WASHINGTON, D.C. — Former attorney general Loretta Lynch used the alias “Elizabeth Carlisle” in email discussions regarding her now infamous tarmac meeting with Bill Clinton, reports Judicial Watch.
Lynch, who served as AG under Barack Obama’s administration during the FBI’s probe into then Democratic presidential nominee Hillary Clinton, met with former president Clinton at a Phoenix, Arizona airport just before the FBI announced it would not recommend charges against Donald Trump’s political rival.
Although the meeting raised many eyebrows in both legal and political circles, both Lynch and Clinton claimed at that time that the meeting was accidental and that the probe into whether Hillary Clinton had revealed classified information when using private email servers while secretary of state was never discussed.
However, new documents obtained by conservative watchdog groups Judicial Watch and American Center for Law and Justice reveal that Lynch used the alias “Elizabeth Carlisle” in discussing the controversy surrounding the meeting and how to best respond to the growing media frenzy surrounding it (http://media.aclj.org/pdf/Clinton-Lynch-Documents-1.pdf).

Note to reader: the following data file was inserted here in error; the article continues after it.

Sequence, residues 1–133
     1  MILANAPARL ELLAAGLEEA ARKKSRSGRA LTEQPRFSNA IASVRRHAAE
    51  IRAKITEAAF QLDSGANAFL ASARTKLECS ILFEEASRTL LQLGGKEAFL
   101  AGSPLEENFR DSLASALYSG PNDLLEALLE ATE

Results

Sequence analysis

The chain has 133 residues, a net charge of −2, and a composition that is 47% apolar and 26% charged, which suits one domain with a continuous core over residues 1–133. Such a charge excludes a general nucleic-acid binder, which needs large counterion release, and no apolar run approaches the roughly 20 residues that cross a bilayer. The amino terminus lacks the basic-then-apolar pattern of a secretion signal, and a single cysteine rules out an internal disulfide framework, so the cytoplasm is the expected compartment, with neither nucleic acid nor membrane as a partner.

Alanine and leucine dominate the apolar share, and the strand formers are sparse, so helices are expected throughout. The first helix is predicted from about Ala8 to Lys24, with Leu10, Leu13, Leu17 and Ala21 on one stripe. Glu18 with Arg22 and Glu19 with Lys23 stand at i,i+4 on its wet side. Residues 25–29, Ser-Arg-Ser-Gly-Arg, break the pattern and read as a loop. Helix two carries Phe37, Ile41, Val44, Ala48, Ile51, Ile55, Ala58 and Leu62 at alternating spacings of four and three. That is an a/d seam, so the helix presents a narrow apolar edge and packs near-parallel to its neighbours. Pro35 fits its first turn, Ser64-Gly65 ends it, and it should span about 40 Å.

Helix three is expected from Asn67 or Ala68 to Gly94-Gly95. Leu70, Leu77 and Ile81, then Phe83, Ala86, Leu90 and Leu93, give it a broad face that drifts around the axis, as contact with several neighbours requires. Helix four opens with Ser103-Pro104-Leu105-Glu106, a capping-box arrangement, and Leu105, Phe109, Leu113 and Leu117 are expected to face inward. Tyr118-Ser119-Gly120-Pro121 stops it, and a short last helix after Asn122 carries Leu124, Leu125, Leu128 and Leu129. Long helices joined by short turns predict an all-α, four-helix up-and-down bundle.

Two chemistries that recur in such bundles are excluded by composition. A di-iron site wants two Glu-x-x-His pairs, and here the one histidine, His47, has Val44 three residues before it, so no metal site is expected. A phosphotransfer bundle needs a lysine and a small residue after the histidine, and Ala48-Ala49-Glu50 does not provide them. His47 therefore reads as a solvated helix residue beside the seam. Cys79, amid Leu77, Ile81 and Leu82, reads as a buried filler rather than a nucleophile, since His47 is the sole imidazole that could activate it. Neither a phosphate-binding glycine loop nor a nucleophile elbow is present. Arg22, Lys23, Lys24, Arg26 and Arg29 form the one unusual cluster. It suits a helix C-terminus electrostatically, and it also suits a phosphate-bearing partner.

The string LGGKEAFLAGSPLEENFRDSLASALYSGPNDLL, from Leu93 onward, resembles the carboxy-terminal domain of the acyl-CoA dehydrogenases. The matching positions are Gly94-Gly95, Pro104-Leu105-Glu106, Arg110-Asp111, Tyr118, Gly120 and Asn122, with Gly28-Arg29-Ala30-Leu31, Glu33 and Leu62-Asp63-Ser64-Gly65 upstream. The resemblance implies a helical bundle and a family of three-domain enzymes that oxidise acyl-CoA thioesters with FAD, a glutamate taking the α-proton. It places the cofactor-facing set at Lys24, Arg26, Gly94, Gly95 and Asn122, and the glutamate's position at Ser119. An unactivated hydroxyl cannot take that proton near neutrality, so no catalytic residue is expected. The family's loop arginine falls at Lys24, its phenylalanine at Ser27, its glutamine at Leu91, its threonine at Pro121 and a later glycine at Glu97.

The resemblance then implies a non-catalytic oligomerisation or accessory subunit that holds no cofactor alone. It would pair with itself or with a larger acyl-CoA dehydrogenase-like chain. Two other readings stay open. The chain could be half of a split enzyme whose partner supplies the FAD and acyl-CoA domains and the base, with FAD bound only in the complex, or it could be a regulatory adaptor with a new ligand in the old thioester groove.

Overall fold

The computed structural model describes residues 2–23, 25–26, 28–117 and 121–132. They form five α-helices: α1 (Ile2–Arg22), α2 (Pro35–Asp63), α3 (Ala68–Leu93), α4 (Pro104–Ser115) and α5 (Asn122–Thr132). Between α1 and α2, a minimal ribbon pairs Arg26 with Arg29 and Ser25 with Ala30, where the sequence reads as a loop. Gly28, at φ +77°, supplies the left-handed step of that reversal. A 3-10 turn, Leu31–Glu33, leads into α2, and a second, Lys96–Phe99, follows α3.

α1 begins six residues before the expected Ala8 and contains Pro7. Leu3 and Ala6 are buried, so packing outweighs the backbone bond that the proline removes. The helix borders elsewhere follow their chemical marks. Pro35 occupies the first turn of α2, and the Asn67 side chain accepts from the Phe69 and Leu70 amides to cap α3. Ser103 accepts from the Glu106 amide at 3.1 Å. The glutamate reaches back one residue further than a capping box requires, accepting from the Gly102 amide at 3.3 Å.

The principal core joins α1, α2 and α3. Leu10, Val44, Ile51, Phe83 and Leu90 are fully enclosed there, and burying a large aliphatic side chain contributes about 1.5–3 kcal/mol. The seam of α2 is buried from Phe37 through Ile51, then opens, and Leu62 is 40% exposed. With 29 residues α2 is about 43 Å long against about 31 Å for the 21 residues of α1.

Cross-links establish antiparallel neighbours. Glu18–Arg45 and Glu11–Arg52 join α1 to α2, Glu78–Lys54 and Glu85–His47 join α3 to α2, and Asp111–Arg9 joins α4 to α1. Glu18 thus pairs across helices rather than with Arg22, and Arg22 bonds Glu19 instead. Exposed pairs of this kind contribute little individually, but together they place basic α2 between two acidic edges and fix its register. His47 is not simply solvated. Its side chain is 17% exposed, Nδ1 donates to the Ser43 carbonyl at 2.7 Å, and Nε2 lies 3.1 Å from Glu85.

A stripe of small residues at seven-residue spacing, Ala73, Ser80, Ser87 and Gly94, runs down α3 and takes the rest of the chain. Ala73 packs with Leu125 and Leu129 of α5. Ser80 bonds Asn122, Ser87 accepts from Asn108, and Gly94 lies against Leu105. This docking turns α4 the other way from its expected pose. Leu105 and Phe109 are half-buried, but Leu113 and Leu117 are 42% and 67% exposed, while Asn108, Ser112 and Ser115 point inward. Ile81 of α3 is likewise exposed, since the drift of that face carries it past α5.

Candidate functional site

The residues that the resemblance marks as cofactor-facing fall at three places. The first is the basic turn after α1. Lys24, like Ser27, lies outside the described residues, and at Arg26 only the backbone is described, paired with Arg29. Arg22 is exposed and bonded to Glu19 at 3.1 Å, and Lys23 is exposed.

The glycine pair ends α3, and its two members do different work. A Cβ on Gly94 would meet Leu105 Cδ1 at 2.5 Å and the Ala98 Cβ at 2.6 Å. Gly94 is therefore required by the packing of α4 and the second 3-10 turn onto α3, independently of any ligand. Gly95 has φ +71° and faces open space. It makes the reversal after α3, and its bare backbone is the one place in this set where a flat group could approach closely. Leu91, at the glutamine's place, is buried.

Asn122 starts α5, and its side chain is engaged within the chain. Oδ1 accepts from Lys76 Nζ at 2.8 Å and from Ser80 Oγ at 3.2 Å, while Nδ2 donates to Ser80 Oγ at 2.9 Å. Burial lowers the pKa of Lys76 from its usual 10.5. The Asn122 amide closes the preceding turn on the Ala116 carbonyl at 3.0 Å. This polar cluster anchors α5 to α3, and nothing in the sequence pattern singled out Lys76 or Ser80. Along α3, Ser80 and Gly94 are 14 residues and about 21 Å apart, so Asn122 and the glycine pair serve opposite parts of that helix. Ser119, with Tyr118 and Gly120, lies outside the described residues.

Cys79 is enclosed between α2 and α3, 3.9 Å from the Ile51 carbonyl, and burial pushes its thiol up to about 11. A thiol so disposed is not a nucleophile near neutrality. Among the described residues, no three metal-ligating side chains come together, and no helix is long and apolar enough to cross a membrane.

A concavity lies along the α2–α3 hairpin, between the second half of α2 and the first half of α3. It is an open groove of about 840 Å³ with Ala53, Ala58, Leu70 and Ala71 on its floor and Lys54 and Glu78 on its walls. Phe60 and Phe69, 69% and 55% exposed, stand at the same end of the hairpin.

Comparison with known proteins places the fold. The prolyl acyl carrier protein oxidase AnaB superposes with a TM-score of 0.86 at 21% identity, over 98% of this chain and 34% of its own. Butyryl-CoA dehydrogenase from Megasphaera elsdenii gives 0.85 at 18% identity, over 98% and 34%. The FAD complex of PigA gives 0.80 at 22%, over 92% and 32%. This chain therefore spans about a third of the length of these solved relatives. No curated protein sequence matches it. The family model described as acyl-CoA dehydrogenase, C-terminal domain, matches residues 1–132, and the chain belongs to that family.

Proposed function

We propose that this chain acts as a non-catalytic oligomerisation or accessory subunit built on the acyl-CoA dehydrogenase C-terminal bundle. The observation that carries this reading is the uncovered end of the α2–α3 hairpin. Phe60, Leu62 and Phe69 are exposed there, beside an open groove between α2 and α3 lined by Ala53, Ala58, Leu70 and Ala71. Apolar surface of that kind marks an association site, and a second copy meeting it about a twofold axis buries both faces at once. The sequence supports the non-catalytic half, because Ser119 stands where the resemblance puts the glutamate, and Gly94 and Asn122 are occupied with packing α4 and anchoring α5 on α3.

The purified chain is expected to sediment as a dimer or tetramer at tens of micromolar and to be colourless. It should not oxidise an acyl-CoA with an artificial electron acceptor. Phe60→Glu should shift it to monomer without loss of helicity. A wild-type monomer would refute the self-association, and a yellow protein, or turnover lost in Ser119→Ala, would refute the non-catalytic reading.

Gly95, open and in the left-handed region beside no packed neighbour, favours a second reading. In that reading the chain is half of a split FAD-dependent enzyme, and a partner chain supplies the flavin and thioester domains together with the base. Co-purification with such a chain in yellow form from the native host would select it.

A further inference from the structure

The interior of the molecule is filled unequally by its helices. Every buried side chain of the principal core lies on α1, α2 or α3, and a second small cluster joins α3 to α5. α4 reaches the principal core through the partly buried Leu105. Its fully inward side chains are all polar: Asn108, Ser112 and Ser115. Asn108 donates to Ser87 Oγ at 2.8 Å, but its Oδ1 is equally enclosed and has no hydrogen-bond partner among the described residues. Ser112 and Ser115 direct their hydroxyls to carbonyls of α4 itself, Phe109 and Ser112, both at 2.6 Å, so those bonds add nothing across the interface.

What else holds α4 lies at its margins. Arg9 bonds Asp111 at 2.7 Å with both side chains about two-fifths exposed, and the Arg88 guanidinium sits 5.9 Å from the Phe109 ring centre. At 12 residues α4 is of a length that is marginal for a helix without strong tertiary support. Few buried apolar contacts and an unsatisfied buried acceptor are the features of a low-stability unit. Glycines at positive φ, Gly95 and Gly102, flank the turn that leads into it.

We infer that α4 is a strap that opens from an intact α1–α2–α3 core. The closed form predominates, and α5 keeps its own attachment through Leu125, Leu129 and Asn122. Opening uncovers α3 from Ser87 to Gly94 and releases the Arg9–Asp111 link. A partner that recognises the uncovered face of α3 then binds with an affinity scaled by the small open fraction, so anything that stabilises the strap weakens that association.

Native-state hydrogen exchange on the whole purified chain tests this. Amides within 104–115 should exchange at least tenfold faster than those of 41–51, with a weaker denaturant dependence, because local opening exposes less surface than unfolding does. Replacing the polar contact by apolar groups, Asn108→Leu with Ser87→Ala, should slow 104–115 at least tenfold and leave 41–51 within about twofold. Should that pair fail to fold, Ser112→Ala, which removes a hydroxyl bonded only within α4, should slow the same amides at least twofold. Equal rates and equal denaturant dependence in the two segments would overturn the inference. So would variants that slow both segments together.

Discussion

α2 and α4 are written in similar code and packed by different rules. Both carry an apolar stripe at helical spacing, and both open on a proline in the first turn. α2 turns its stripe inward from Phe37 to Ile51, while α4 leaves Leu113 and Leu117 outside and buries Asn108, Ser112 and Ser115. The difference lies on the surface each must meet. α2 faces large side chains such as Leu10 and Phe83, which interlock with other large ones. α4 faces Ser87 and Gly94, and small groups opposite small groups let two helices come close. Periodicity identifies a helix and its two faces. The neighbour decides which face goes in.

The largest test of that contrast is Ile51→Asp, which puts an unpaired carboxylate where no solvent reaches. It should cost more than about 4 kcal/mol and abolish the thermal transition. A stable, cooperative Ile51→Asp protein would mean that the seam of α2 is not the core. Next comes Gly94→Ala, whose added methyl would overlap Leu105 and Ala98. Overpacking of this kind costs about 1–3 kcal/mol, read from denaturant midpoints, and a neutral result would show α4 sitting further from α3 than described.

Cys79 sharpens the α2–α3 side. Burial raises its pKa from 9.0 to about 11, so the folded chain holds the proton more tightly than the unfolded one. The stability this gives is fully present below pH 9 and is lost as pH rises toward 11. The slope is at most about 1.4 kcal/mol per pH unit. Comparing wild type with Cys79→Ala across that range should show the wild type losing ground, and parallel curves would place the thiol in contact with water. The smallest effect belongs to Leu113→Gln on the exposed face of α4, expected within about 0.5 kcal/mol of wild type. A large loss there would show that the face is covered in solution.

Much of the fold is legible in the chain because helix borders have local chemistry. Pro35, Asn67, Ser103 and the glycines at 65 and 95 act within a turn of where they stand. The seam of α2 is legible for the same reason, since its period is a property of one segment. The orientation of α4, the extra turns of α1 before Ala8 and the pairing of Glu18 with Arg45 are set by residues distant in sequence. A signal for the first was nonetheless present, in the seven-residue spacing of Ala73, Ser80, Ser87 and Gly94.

The emails were included in 413 pages obtained as a result of a lawsuit filed by Judicial Watch seeking information about the June 27, 2016 meeting. Although Lynch officially denied any wrongdoing, it was later revealed that Lynch took great efforts to conceal the meeting, which was discovered by a reporter in Phoenix based on a tip.
After learning of the meeting, the Phoenix’s ABC News affiliate contacted the Justice Department to inquire about the possible conflict of interest. The Judicial Watch emails reveal that the reporter’s call touched off a mass panic to develop talking points to help quell the developing scandal.
In a statement, Lynch’s attorney, Robert Raben, confirmed to The Daily Caller (http://dailycaller.com/2017/08/07/here-is-the-alias-email-account-loretta-lynch-used-as-attorney-general/) on Monday that Lynch, in fact, used the pseudonym for the purpose of security, but denied any iniquity.
“That address was and is known to the individuals who process [Freedom of Information Act] requests; the practice, similar to using initials or numbers in an email, helps guard against security risks and prevent inundation of mailboxes,” Raben said.
When pushed for details on what was discussed during her meeting with Bill Clinton, Lynch claimed the two kept the conversation “light” and primarily discussed each other’s grandchildren.
It was later pointed out by critics of the story that Lynch, who has no children of her own, had no grandchildren to discuss.